When I heard that Liang’s Kitchen opened in Flushing, I almost immediately went there. Liang’s Kitchen is originally from the San Gabriel Valley in Los Angeles, which is where most good Chinese food in LA is located. However, over time they expanded and have several branches in LA, a branch in Irvine and a couple branches in Northern California. I’ve eaten at the one in San Gabriel and the one in Irvine, which is fairly close to where my family lives. It’s generally been good dependable Taiwanese food, so I was quite excited to hear they had opened a branch in Flushing as good Taiwanese food has become somewhat difficult to find here.
Liang’s Kitchen actually isn’t straight up Taiwanese food; it’s supposed to be a take on the food that came from the migration of mainland Chinese to Taiwan. Many of these Chinese were military families who were part of the Kuomintang, some of whom intentionally moved to Taiwan in the 40s and some of whom fled to Taiwan in 1949 when the KMT lost against the Communists. Taiwanese food traditionally is southern Fujian food, but you will also find a lot of northern Chinese, Sichuan and other Chinese regional dishes as well. This is partially a function of the influence these military families had on Taiwan’s food culture. Last time I was in Taiwan I watched a documentary about these communities that surrounded or were on military bases where Chinese from a given province would all live together and then cook their regional food as part of community gatherings; the one I watched was about group of 30-40 families from Hunan that had kept cooking traditional Hunan dishes even generations after the original immigrants came.
The restaurant is located in the basement of the Best Western Hotel. It’s a brand new space; quite clean and reasonably nice. The walls have blown up pictures of their food, old pictures of Taiwanese military families and pictures of the chef and Liang family. This location isn’t on their website yet, but they have pictures of the CEO (Ivan Liang) and the new head chef, so I’m pretty sure that it’s an authentic location. The servers were reasonably nice and they speak English, so you shouldn’t have a problem if you don’t speak Chinese. However, certain appetizers and the entire main dish menu are only written in Chinese, so that will be sort of an issue. I’m going to write the characters of dishes we ordered that were on the Chinese only menu so that you can order them.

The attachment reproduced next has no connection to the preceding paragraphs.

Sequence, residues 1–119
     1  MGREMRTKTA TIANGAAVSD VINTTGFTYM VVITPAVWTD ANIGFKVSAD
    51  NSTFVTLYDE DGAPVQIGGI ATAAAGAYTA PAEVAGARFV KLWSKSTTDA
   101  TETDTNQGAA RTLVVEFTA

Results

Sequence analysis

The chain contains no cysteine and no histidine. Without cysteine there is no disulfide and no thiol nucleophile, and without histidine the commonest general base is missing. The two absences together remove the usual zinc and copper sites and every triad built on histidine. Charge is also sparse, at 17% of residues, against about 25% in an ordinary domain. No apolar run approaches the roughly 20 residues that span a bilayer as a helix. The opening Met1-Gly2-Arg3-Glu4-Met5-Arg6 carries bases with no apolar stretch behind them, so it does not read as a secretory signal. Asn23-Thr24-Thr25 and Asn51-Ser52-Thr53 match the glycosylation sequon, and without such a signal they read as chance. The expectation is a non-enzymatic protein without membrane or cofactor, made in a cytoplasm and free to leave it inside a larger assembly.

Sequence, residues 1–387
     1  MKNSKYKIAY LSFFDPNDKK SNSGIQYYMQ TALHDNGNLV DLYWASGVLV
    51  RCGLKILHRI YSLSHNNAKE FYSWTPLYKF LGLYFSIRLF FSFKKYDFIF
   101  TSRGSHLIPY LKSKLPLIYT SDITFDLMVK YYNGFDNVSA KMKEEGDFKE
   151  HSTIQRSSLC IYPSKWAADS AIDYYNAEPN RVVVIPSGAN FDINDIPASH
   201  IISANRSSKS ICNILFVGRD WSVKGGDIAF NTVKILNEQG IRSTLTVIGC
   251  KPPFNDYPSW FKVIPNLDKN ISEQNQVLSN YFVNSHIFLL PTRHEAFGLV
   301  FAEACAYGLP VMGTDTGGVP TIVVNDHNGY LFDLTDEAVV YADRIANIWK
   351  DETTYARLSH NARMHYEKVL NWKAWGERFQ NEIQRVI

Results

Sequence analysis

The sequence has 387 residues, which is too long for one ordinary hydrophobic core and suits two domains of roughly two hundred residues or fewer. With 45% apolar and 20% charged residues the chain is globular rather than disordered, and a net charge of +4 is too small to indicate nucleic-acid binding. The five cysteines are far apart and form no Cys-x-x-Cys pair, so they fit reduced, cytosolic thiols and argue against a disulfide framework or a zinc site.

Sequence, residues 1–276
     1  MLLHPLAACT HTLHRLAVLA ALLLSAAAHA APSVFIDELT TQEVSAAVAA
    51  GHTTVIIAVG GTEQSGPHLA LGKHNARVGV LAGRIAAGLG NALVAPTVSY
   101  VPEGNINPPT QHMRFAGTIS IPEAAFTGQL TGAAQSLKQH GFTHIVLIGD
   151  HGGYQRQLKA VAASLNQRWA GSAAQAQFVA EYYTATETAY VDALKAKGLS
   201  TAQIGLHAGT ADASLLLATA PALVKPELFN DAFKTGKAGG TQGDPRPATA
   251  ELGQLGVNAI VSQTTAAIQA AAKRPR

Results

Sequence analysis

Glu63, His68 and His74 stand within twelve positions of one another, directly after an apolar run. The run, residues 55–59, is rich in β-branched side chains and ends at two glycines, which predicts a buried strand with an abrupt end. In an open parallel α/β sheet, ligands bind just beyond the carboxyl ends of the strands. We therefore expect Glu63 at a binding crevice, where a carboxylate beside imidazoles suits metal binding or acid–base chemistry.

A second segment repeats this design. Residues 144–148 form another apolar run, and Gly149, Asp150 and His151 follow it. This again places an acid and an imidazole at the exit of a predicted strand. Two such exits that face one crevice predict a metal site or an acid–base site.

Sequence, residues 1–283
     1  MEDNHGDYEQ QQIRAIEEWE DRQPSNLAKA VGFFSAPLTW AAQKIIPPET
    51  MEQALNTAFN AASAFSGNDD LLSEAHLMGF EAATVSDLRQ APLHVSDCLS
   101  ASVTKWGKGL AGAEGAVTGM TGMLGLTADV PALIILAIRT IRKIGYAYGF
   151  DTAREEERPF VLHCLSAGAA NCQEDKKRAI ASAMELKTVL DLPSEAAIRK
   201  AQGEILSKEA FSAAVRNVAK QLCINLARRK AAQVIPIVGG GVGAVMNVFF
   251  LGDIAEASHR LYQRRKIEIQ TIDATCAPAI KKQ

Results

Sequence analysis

Here’s what we got:
Stewed Tofu (Lu Dou Fu Gan Si):
Lu wei is a type of Chinese cooking common in southern China, where you braise meats or tofu in a master stock made up of soy sauce, spices and other ingredients. This is actually smoked tofu that is stewed in a lu wei sauce. The version here was just okay, I didn’t think the lu wei sauce they used was flavorful enough, so while it tasted alright it was nothing to write home about. 7/10
Seaweed (Liang Ban Hai Dai Si):
This is a cold dish of long thin strips of seaweed tossed in sesame oil and mashed garlic. It tastes exactly how it sounds. The version here was decent, but not great. 7/10
Stir Fried Corn and Shrimp (Yu Mi Xia Ren 玉米蝦仁):
This is a very Taiwanese home cooking type of dish. It’s a simple dish with corn, shrimp and diced peppers stir fried with sesame oil and salt. The corn and shrimp were both very fresh and they were also generous with the amount of shrimp they gave. This version was quite good and I enjoyed it. 8/10
Beef Tendon Noodle Soup (Hong Shao Niu Jin Mian):
Hong shao is another type of braising that is common in Chinese cuisine and it’s very common for the beef to be stewed in this manner for beef noodle soup in Taiwan, which is actually the national dish of Taiwan. This dish is pretty hard to get right as the beef and broth require a lot of skill and hard work to get right. The beef tendon was surprisingly good; it was very tender and flavorful, definitely the best beef tendon I’ve had in NY beef noodle soup (although the rest have generally been pretty bad). Unfortunately, the noodles were overcooked so they were kind of mushy although they tasted fine. The broth was decent; I wouldn’t say it was great or anything, but it had decent beef flavor and the pickled vegetable tasted good. Overall, it’s probably one of the better Taiwanese style beef noodle soups in NY although just decent on an absolute basis. 7.25/10 (8/10 for the beef tendon, 6.5/10 for the noodles and 7.25/10 for the broth)